“Surely if you do right there is uplift, but if you do not do right sin couches at the door; its urge is toward you, you can be its master. Cain said to his brother Abel…and when they were in the field, Cain set upon his brother Abel and killed him.” (Genesis 4:7-8)
Many of our commentaries have indicated concern with the punishment Cain received. In murdering Abel, Cain’s punishment is to roam the earth with the mark of Cain on him. These commentaries ask why wasn’t he killed. Certainly this would have been in keeping with the ethos of the biblical text that says “whoever sheds the blood of man, by man shall his blood be shed” (Genesis 9:6).
When dealing with the episode of Cain and Abel another question comes to mind. How is it that Cain was placed in this predicament in the first place? God, by electing to prefer one sacrifice to another set the sage by which jealousy and the cycle of vengeance would be put into motion. In choosing one gift to another God has presented to Cain the need to choose also and decide how to deal with the insult. How would his relationship with his brother now be defined and what would be his relationship with God?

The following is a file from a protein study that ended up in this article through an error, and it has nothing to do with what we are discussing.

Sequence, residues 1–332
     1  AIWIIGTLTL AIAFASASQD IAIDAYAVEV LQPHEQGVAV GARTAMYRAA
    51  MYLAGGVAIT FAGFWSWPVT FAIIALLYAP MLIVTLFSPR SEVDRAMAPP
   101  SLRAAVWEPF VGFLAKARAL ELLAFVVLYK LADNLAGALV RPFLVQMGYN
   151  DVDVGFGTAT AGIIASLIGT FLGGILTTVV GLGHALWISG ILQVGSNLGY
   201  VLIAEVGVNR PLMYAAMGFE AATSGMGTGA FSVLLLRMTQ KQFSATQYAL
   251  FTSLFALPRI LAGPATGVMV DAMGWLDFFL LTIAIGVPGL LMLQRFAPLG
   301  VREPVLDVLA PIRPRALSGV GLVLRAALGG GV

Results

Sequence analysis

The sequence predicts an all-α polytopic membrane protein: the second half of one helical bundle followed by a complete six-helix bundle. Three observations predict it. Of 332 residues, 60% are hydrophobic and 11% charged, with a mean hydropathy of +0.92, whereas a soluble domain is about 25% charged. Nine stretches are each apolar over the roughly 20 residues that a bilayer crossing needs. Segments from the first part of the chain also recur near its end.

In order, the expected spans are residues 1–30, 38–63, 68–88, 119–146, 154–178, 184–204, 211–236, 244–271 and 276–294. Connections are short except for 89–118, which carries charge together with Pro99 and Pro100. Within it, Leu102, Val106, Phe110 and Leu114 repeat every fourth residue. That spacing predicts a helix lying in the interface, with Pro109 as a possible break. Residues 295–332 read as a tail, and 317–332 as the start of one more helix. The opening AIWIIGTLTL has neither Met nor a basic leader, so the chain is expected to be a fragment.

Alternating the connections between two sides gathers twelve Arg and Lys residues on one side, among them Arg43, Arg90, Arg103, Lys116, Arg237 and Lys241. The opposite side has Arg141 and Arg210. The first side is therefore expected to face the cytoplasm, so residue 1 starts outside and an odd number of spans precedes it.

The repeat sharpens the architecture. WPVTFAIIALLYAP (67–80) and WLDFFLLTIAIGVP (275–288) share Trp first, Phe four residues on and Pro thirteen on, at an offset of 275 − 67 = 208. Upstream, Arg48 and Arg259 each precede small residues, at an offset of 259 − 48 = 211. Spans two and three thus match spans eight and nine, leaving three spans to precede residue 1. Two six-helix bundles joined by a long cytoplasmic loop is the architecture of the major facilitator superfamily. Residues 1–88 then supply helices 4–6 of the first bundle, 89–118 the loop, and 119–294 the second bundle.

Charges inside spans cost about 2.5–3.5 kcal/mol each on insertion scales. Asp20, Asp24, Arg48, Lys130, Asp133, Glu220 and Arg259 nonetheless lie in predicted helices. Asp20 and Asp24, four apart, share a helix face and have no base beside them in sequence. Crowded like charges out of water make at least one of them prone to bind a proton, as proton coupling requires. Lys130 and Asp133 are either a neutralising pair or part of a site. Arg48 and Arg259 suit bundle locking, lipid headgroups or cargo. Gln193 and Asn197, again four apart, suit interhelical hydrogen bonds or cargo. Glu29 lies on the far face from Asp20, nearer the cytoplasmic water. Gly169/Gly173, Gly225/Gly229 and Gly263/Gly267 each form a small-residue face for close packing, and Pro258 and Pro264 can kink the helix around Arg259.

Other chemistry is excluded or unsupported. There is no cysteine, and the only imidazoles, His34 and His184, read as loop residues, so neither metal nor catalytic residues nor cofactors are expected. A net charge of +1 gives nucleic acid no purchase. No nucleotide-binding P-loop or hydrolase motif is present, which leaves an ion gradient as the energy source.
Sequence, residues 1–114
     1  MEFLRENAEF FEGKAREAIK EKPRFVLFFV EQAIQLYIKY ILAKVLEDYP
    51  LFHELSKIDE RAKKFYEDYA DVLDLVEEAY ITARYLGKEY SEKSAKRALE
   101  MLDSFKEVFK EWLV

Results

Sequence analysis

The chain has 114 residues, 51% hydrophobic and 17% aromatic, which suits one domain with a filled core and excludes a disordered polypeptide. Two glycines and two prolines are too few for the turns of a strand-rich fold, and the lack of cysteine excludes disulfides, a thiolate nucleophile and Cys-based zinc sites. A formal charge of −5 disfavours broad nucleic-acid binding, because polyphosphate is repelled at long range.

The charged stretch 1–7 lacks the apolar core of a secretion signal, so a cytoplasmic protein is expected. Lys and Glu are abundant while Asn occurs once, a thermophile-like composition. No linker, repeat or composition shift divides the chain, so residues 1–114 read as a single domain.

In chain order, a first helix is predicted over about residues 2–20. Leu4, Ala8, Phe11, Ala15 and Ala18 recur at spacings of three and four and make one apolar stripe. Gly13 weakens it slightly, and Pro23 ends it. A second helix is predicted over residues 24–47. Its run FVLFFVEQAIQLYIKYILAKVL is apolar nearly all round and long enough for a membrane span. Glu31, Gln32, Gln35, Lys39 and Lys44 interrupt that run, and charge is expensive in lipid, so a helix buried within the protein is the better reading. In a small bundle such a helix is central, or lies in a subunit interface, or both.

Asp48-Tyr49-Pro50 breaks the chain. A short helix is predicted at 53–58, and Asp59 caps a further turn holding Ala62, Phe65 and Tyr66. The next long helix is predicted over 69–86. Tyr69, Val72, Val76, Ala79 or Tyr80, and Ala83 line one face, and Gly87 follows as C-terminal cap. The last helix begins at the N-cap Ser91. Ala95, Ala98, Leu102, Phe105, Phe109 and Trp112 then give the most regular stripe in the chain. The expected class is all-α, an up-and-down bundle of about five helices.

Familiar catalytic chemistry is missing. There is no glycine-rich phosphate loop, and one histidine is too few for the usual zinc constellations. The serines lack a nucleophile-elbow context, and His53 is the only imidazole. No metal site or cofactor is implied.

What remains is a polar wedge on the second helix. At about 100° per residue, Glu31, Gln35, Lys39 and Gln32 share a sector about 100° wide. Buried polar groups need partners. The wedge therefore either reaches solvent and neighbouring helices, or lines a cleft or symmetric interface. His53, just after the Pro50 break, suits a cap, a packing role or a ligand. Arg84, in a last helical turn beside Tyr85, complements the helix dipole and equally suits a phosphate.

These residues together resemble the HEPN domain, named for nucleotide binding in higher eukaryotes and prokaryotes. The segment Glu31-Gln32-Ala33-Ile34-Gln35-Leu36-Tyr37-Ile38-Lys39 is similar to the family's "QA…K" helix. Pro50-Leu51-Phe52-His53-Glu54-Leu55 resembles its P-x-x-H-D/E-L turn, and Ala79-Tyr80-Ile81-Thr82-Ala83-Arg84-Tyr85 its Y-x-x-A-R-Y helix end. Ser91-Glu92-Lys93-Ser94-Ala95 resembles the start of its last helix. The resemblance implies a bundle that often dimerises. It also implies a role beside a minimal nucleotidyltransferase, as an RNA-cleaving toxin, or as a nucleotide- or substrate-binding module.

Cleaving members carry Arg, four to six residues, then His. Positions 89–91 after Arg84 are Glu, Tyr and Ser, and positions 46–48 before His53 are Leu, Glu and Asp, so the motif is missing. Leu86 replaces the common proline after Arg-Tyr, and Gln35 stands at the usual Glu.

The dilemma suggested in this text isn’t dissimilar to the story of Adam and Eve. By placing before them the temptation of eating from the forbidden, they were paced in a situation of making a choice that would forever impact on their relationship to each other and their relationship with God. In both cases, the outcomes suggest that their relationship with each other have been altered forever and their relationship with God is in need of repair.
The text apart from raising these questions teaches us a lesson. The text suggests that Cain reacted impulsively when killing Abel. God chose to punish him severely but not so harshly as to have him killed. By so doing God reveals that humankind is capable of rehabilitation, even when guilty of murder.